Many statements about the topic of fitness have crept into our consciousness – many of them are not true at all. We have honest answers from a fitness expert on the 5 biggest fitness myths.
Freeletics expert Nick Freer explains what is really behind some of the fitness myths.
Some fitness myths have burned themselves into our brain and we have been following these statements carved in stone for years in our work-out . And then ask us why the desired training success is missing despite all the hard work and sweat. The reason: Many of these fitness statements that we have internalized so simply are no longer true. Nick Freer, former professional basketball player and Freeletics expert , sheds light on the jungle of myths and clears up the five biggest fitness lies.
Fitness myths: longer is always better
You also remember the times when it was always said: Less than 30 minutes is not a sensible exercise, as fat burning does not start until then at the earliest? That’s plain and simple nonsense – says the expert. There are now enough studies that show that the length of the training is not important.
In fact, the opposite is the case: three shorter HIIT sessions per week burn as many calories as five cardio units of 60 minutes each! And even more: The muscle growth with the three HITT sessions is just as high as the muscle gain with five cardio units.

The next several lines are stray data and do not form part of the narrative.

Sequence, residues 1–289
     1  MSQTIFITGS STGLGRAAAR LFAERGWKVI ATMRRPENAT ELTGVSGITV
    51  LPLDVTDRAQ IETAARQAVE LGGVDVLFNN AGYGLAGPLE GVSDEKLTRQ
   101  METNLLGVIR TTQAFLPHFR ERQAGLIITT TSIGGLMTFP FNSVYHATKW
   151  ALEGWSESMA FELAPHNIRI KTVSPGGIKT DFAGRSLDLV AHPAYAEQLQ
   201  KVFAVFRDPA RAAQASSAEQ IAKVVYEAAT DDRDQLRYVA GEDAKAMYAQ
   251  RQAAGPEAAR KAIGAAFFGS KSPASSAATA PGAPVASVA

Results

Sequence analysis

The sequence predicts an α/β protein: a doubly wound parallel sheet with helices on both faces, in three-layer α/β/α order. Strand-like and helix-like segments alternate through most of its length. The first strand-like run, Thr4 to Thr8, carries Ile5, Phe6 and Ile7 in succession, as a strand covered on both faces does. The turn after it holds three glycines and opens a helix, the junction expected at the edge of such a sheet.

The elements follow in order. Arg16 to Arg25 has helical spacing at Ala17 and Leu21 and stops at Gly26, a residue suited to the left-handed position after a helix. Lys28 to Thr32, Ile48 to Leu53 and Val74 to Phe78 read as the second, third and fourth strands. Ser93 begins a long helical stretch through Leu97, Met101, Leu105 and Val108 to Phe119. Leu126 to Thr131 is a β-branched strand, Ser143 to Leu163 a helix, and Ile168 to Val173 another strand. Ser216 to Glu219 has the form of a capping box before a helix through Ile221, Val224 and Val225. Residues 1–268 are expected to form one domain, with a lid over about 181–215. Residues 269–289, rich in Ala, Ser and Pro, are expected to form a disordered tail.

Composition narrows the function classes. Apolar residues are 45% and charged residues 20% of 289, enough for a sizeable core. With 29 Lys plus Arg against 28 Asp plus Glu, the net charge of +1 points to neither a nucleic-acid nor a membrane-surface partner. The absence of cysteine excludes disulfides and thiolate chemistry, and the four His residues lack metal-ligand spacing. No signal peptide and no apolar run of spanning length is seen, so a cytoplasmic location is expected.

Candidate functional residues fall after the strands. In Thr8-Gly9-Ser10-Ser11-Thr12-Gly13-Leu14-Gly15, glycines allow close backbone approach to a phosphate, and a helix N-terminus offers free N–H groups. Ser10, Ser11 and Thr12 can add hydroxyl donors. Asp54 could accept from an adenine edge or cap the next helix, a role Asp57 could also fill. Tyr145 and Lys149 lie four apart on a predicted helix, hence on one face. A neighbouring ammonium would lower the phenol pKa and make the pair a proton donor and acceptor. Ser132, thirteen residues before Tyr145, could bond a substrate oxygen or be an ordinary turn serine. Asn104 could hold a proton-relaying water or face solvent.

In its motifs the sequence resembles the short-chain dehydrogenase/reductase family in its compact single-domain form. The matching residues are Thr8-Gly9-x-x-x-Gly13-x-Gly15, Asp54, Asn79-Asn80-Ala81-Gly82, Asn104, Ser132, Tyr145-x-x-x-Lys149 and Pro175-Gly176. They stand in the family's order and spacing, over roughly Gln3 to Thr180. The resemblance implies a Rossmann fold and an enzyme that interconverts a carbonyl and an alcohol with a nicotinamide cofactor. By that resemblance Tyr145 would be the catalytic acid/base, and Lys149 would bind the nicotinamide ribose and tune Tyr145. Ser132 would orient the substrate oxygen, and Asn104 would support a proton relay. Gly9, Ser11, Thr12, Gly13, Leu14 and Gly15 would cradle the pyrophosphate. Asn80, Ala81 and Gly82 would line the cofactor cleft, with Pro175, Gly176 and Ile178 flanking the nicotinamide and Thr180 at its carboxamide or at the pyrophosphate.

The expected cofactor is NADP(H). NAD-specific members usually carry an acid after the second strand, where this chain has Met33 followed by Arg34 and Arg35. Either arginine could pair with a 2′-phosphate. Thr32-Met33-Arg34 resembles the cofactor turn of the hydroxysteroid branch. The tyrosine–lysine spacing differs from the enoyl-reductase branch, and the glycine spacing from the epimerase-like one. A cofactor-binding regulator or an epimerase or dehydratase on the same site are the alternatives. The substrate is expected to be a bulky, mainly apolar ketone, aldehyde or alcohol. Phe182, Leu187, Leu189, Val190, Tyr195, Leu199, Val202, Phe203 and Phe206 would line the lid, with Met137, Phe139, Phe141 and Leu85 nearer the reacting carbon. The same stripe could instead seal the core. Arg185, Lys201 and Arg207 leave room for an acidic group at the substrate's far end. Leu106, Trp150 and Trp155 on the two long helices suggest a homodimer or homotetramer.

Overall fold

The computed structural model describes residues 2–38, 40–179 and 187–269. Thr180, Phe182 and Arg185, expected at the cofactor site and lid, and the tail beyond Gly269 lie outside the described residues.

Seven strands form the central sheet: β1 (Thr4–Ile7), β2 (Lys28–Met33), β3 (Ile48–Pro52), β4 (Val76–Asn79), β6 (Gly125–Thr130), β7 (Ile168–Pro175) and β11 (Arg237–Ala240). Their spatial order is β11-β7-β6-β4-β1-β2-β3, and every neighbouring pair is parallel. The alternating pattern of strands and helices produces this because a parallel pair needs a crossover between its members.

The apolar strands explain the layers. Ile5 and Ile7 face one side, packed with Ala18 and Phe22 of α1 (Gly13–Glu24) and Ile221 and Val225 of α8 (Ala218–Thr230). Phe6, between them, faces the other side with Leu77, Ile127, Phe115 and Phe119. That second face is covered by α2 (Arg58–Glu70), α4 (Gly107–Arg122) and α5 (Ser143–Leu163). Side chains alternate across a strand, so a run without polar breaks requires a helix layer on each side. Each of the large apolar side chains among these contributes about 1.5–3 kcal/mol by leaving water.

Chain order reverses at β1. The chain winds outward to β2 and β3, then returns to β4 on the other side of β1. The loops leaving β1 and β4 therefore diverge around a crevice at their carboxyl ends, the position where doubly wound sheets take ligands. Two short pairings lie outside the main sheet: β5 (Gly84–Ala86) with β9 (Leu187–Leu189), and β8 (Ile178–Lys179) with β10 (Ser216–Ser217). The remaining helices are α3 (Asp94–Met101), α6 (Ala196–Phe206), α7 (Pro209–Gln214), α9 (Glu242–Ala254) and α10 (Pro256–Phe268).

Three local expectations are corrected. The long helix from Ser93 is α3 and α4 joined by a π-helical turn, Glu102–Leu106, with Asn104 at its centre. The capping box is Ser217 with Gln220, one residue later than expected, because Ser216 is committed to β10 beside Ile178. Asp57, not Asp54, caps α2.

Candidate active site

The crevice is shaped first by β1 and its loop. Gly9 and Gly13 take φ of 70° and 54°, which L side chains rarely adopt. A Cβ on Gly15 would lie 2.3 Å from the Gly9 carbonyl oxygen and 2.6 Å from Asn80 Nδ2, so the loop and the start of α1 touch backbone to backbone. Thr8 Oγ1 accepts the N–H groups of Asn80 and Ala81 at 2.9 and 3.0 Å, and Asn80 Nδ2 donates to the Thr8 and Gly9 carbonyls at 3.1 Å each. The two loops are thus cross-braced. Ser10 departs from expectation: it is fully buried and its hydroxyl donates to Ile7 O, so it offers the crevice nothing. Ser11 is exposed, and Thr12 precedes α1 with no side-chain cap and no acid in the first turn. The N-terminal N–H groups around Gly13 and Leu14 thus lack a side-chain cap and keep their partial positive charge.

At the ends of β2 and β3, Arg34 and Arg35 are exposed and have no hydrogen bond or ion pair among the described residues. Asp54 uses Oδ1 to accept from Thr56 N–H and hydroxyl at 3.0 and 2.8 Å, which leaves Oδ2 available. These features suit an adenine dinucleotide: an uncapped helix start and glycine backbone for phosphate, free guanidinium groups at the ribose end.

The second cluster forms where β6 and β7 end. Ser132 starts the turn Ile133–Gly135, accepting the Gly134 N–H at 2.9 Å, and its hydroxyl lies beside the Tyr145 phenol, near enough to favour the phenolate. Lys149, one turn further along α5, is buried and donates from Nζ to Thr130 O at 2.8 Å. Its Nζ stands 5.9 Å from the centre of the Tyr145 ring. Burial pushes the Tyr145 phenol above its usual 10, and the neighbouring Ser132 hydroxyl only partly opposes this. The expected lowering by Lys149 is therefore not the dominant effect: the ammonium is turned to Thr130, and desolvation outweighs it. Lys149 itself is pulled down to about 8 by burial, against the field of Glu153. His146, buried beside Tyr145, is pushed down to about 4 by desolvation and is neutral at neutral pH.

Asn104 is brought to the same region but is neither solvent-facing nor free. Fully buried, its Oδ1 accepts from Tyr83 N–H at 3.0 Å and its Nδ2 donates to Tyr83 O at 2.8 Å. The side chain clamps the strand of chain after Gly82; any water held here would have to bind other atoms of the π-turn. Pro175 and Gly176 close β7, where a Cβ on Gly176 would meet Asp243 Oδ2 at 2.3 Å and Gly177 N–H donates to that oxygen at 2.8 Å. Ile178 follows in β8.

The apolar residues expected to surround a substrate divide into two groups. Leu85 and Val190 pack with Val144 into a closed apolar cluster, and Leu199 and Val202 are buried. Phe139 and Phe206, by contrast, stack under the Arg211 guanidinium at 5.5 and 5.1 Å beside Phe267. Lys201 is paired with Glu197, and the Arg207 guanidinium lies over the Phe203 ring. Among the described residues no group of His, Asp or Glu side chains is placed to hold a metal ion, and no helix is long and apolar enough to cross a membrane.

Fitness myths: No muscle building with bodyweight training
Bodyweight training , i.e. workouts that do completely without weights and only train against your own body weight, are super practical. You don’t need expensive equipment or a gym membership and you can train anytime and anywhere – whether at home, in the park or on vacation on the beach.
However, there is a popular misconception that bodyweight exercises are less intense because you don’t see large weights being carried or pushed around. However, this is wrong. The math is simple: muscles grow when they have to work against resistance. Whether this is generated by your own body or with dumbbells makes no difference in terms of effectiveness.
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Fitness Myths: Sit-ups Make the Perfect Six-Pack
And there we are with our favorite topic: the six-pack . Many men train hard in order to finally be able to belong to the group of those who wear washboard abs. The problem: Most of the time it is not due to the missing abdominal muscles, but to a (mostly small) layer of fat that lies over the muscles.
So doing more sit-ups and more sit-ups here is absolutely pointless – the six-pack won’t come out that way. What helps here? Either a change in diet to reduce the percentage of body fat or additional cardio units.